Federal Government to Buy Trans Mountain Pipeline for $4.5-Billion

Federal Government to Buy Trans Mountain Pipeline for $4.5-Billion

The federal government's plan to buy a controversial pipeline project and related assets for $4.5 billion has generated local and national reactions ranging from disappointment to betrayal, according Kootenay Columbia MP Wayne Stetski.

John Horgan, British Columbia's premier, has asked a court to determine whether the province has jurisdiction over the pipeline, vowing to block the expansion if the court says yes. "We're seeking the ensure the project gets done, but we will always try and make sure the project presents a fair situation for Canadians", he said. He calls the move a "devastating blow" to energy investment in Canada.

Kinder Morgan investors must still vote on the sale, which is scheduled to close in August, but the deal will allow construction to resume immediately, the minister said. Early Friday morning, the group is planning on enforcing their own "People's Injunction", signed by more than 140 people - many who live in Burnaby's Westridge and Forest Grove neighbourhoods - demanding that work on the pipeline expansion stop immediately. Today, nothing has changed; there are still protestors, court proceedings and MPs who oppose this project.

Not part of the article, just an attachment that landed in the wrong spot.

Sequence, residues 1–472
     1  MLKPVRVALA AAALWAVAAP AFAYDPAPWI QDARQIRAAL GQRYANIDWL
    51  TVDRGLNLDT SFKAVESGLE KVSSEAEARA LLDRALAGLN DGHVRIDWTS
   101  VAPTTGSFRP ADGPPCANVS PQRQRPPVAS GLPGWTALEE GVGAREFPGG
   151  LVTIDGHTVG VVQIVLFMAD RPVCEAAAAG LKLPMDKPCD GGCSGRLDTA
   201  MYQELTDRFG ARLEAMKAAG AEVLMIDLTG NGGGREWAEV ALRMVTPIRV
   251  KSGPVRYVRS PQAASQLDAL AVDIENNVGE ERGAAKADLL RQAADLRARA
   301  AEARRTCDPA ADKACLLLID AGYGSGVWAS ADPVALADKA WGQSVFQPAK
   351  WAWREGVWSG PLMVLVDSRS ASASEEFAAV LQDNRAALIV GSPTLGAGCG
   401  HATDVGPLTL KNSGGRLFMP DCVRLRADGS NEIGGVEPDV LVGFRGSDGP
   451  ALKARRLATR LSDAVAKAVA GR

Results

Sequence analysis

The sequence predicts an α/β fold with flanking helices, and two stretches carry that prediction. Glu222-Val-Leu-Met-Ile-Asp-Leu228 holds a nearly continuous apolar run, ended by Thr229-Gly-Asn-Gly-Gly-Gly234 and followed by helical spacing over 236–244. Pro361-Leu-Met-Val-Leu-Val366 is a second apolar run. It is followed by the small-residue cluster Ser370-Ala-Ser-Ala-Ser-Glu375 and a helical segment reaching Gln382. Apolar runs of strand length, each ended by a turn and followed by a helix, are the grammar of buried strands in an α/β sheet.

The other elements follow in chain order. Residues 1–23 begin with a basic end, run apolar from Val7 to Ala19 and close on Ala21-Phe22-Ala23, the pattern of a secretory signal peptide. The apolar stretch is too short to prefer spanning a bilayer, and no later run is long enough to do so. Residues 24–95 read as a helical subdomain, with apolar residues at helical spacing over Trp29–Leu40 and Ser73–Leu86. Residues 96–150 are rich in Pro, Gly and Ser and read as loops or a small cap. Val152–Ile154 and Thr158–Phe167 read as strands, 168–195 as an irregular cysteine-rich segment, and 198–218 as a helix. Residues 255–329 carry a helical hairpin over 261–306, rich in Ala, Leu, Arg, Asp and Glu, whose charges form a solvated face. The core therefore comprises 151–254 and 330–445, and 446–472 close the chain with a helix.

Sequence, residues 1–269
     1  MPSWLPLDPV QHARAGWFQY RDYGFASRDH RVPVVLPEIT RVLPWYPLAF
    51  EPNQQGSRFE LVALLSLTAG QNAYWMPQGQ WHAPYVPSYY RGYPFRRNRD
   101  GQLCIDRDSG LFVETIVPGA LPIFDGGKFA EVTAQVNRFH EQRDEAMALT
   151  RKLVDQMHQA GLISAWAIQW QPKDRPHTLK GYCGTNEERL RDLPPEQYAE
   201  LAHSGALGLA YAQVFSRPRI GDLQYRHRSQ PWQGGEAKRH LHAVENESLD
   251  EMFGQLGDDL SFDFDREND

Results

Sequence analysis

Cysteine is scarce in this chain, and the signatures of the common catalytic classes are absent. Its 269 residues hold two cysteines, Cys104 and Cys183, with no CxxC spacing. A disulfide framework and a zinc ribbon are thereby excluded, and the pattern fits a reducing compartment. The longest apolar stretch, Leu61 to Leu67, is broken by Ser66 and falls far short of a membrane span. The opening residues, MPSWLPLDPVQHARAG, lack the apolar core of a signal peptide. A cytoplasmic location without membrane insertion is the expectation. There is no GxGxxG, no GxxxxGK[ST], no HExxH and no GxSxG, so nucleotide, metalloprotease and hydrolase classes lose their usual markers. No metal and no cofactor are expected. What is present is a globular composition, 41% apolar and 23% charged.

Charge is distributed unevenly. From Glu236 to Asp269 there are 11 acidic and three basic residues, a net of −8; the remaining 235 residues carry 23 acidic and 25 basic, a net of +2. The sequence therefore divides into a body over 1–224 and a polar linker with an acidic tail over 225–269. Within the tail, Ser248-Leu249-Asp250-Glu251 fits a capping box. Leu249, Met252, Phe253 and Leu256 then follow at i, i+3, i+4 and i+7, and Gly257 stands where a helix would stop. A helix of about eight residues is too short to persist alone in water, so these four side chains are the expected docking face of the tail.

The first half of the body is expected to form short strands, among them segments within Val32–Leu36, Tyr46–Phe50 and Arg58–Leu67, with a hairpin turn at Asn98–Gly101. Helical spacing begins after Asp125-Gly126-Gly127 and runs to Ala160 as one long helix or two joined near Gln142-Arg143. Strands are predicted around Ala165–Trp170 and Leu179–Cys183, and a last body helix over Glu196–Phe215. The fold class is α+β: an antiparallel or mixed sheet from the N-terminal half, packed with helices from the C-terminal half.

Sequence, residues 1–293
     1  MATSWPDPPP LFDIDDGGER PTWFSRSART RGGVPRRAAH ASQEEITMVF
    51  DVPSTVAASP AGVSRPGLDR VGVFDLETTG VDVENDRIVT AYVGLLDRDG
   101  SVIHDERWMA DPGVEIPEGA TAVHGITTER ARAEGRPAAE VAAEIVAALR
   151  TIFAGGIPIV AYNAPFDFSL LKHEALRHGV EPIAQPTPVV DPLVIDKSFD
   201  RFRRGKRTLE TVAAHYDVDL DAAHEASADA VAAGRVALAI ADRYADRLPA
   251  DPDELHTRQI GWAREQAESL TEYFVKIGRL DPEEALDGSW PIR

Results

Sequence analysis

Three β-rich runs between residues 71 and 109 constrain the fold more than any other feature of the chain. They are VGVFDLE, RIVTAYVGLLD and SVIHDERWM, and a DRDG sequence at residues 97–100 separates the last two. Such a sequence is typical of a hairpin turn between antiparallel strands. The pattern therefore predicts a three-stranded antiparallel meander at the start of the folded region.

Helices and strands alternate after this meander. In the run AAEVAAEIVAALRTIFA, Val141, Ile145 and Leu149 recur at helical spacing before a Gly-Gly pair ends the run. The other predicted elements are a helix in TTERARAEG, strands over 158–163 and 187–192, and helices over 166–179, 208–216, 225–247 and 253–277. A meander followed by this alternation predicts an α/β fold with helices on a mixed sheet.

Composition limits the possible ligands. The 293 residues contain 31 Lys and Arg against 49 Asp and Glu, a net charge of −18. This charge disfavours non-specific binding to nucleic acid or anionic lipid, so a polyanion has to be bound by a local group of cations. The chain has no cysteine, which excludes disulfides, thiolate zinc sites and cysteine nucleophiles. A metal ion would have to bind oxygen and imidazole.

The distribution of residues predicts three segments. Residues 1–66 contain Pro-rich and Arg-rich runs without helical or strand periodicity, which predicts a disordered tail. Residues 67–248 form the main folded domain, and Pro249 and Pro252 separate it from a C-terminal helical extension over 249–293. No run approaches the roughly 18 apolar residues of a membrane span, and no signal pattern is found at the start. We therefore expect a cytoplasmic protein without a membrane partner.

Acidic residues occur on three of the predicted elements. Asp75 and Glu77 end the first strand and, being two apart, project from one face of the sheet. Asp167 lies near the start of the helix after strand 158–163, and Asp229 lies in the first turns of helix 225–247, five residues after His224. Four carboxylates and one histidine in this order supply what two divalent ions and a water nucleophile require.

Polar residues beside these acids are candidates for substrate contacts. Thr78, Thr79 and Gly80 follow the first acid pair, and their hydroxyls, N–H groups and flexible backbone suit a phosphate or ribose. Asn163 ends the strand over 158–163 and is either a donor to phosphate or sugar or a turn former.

Soon after the announcement, a rally was planned for Vancouver to express the pipeline opponents' opposition.

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The two western provinces have been sparring over the pipeline, a situation that Mr Morneau said can not be allowed to "fester". If completed, it would almost triple the pipeline's capacity to transport crude and refined oil from Alberta to B.C.

Experts in the field argue that the purchase of this infrastructure implies great political risks for the Liberal Party, led by Prime Minister Justin Trudeau, with a view to the federal elections of October 2019, as well as implications of a financial nature. "These are exceptional circumstances and should not be considered the norm", the association said.

In a prepared statement, Wilkinson said B.C. had provoked a constitutional crisis over the project. The Prime Minister responded with a quote from Notley that the government met the deadline set by Kinder Morgan and "this project has more certainly than ever".

The expanded pipeline will give Alberta, which lies inland, improved access to the ocean and markets in Asia leading to higher tax revenues for both, the province of Alberta and the Federal Government. Social activist and author Naomi Klein called the government's plans a "desperate scam". If no new buyer is reached by July 22, Kinder Morgan will present the $4.5 billion offer from Canada to its shareholders for a vote before the end of July.

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On Monday, she pleaded guilty to criminal contempt in relation to her March arrest during a pipeline protest. She must pay a $1,500 fine.

"The protesters and the opposition, and the civil disobedience is probably going to increase", Khelsilem said.

"I do believe the federal government now is totally accountable, not just for regulation and approval of a pipeline, but they now are responsible from wellhead to tidewater and beyond", he said. Khelsilem said the decision rewards the Texas-based company and transfers the risk to Canadian taxpayers.

Meanwhile, the rally drew hundreds of Vancouverites, all opposing the Kinder Morgan purchase.

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